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MENINGITIES

Jaya Lingam

I N T RO D U C T I O N M E N I N G I T I S
Awareness
Review Evidence Based Research
Enhance Nursing Care

S U M M A RY O F T H E P R E S E N TAT I O N
Describe Meningitis
Summarize Research
TRUEPIC care plan
Collaboration and Advocate

WHAT IS MENINGITIS
Types of Meningitis
Bacterial, Viral, Fungal, Parasitic, &
Non-Infectious Meningitis.

Signs & Symptoms

E V I D E N C E BA S E D R E S E A RC H
Meningococcal meningitis prevention programs for college Students
A Review of the literature
Nursing theory-- Dorothea Orem's Self-Care Theory

R E S E A R C H M E T H O D S & R E S U LT S
A review of the literature

Studies could not be

Systematic reviews

compared

electronic database and hand

Study had lack of detail

searched for articles

Different in health care

Inclusion and exclusion

structure in the United Kingdom

criteria

Interventions and outcomes

Data extraction and syntheses

were not clearly identified.

LIMITATION & CRITIQUE


Health care difference in the

Worldviews on evidence

United Kingdom

based nursing

Potential bias in the review

Review of the literature

Limited publications on

Further research

prevention programs

C O L L A B O R A T I O N O F PA T I E N T C A R E

Nurse
Patient
Family
Interdisciplinary team
Public Health Department
Health department in college/universities

TRUEPIC

A 19-year-old female freshman college student, lives in the dorm. presents to


the emergency department with a 24-hour history of chills and a stiff neck. On
clinical examination, she is afebrile and has normal mental status. she can flex
her neck although s she complains of pain over her cervical spine when doing so
and also has severe headache, nausea and vomiting. Kernig and Brudzinski signs
are absent. Pt has no hx of previous illness

1. IDENTIFY

2. RELATE

19 year old female


24 hr. hx of chills and stiff neck.
Pt is Afebrile, normal mental status.
Pt has nausea vomiting and severe
headache. Kernig and Brudzinski
sign are absent

Primary Proposition: Patient has risk factors


associated with bacterial meningitis
Possible Assumptions: Patient is aware of
her condition.
Possible confounding Variables: Patient will
be given immediate treatment and education
due about treatment plan and about bacterial
meningitis.

TRUEPIC
3. UNDERSTAND
Primary: since the patient is
aware of her condition which will
aid in speeding up her treatment.
Assumptions: if the patient is
unaware of the effects of meningitis,
she will unintentionally slow the
treatment process which will lead to
possible negative patient outcomes.
Confounding Variables: Patient
is aware of her condition and is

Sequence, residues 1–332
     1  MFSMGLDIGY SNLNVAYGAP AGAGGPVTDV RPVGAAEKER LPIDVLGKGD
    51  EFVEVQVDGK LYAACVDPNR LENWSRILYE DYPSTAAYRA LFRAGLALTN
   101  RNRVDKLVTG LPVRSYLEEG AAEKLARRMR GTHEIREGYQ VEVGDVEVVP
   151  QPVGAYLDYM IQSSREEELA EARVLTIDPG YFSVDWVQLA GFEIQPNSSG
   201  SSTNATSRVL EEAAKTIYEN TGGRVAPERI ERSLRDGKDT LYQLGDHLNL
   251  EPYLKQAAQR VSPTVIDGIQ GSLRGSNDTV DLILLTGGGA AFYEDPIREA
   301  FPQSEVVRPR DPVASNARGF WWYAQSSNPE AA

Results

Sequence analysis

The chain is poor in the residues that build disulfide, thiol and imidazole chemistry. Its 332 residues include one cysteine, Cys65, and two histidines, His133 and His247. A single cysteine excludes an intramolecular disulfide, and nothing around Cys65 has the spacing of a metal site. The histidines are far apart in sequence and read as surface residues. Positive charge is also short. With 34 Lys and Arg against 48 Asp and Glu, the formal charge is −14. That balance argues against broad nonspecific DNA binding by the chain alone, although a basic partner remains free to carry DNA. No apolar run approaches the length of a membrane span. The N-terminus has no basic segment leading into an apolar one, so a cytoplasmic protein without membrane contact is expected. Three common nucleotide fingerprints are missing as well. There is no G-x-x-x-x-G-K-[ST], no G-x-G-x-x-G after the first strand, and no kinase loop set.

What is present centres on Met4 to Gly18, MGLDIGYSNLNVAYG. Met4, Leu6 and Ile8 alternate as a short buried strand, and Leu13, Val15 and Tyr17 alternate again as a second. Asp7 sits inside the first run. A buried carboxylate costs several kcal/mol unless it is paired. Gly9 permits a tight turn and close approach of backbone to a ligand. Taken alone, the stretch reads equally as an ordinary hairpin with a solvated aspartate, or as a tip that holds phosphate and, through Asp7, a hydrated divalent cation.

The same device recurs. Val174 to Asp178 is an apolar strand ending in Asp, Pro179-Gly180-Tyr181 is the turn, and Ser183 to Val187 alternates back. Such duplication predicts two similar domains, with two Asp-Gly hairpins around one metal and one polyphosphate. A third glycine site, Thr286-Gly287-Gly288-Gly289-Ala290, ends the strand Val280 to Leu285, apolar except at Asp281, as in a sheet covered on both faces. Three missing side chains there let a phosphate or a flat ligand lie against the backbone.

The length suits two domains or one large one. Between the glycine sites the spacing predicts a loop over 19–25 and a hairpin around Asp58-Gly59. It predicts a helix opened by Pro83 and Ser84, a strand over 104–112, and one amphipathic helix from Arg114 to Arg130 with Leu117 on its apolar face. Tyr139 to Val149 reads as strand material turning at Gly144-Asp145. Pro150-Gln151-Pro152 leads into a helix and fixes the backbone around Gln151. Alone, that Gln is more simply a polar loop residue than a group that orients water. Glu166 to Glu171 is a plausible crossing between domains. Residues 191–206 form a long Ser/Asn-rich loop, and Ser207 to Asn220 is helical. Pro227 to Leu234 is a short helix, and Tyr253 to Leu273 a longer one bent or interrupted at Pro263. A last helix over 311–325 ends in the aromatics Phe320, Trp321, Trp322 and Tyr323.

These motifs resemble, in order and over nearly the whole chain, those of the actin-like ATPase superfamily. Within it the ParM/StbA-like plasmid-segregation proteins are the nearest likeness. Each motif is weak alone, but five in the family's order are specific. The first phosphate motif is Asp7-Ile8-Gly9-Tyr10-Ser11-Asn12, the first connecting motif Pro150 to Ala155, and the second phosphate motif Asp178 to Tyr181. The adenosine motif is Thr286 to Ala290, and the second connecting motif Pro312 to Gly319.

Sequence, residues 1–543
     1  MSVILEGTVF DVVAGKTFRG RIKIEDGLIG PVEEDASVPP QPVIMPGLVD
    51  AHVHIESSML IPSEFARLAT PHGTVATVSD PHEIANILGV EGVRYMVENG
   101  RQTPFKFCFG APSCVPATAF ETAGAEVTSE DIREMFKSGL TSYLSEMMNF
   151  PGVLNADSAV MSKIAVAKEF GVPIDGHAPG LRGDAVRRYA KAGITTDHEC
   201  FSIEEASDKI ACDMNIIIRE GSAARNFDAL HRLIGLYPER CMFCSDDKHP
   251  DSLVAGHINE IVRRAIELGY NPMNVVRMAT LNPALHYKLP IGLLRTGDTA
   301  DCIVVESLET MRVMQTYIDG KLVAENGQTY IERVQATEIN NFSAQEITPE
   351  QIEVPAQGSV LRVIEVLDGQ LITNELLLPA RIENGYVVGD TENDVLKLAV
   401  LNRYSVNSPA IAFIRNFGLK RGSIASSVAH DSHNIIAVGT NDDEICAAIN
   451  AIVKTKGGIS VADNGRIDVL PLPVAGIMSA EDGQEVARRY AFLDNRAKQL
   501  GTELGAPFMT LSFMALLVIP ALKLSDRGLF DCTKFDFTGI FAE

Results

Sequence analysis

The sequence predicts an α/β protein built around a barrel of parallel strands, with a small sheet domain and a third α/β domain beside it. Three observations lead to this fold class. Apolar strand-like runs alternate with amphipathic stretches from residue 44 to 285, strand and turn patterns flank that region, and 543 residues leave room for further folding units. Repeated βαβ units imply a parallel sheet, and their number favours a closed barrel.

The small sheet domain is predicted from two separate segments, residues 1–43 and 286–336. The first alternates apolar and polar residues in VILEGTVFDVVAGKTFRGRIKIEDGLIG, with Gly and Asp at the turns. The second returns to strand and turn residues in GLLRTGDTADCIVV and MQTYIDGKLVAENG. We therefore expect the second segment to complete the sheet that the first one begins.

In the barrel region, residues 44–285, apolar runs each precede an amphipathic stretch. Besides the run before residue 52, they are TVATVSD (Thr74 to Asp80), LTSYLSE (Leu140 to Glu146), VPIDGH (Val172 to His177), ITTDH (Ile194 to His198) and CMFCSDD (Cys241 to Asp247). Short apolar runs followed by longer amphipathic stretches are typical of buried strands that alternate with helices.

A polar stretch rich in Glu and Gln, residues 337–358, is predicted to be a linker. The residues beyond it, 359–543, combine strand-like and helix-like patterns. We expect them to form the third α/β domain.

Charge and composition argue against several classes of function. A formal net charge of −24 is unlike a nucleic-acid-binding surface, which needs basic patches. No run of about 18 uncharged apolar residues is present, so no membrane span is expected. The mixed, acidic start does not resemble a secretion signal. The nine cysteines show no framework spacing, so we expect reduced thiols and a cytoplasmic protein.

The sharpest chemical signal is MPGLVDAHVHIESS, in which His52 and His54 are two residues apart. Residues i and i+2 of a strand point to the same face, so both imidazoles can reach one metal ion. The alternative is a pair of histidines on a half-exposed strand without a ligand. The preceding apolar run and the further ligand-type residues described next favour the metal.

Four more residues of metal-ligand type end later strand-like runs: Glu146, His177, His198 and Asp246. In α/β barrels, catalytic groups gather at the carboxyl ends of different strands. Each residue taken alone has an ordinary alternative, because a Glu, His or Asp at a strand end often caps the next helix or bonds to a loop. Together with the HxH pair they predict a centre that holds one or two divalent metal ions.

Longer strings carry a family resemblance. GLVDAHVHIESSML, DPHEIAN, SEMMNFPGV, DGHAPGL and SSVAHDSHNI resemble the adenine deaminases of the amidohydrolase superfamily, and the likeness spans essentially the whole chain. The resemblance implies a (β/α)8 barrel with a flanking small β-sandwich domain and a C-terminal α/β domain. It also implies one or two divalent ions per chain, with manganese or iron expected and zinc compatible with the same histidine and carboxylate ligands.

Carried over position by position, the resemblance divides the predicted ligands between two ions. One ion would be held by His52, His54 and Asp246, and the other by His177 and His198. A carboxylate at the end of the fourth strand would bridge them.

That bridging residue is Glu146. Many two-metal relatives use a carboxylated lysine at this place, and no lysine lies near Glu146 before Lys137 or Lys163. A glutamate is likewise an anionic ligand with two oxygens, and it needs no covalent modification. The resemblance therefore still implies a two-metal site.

ready for treatment. .

CONTINUED

4. EXPLAIN

Proposition: Explain to the patient that the


test results and treatments. Appropriately
begin patient education of risk factors for
meningitis medication and rehabilitation
therapies if needed .
Assumptions: Explain the benefits of
treatment and recovery time. explain that the
benefits of the treatment should help
prevent another meningitis attack from
occurring.
Confounding Variables: Explain to the
patient that you will be providing care and
meet all her needs during treatment.

TRUEPIC
5. PREDICT

CONTINUED

6. INFLUENCE

Proposition: educate the patient the importance of


Proposition: the patient is
treatment and taking medication. Include family
understands the disease and is
member in treatment and education on meningitis
ready for treatment.
Assumptions: make sure that the patient
Assumptions: with
understands the treatment and risk factors associated
patients understanding about
with the disease.
the disease the treatment plan
Confounding Variables: the patient understands
will be carried on with delay .
the treatment plan and the risk factors associated
Confounding Variables:
with the disease
the patient understand her risk
7. CONTROL
and the disease process
Patient will understand her diagnosis, prognosis, and treatments
or therapies before discharge

N URSIN G D IAG N OSIS A N D A DVOCACY

Acute Pain related to nuchal


rigidity, muscle aches, immobility

Advocate

and increased sensitivity to external

Quality care

stimuli secondary to infectious

Individualized care

process

Improving positive outcomes

Anxiety related to treatment and

risk of death

Educate

REFERENCES
Butler, K. M (2006). Meningococcal meningitis prevention program for college
students: A review of the literature. Worldviews on Evidence- Base Nursing, fourth
quarter, 185-193.

Current Nursing (2012). Nursing Theories: Florence NightingaleEnvironmental


Theory
http://currentnursing.com/nursing_theory/theories_community_health_nursing.html
Watkins, J. (2012). Recognizing the signs and symptoms of meningitis. British

Journal Of School Nursing, 7(10), 481-483.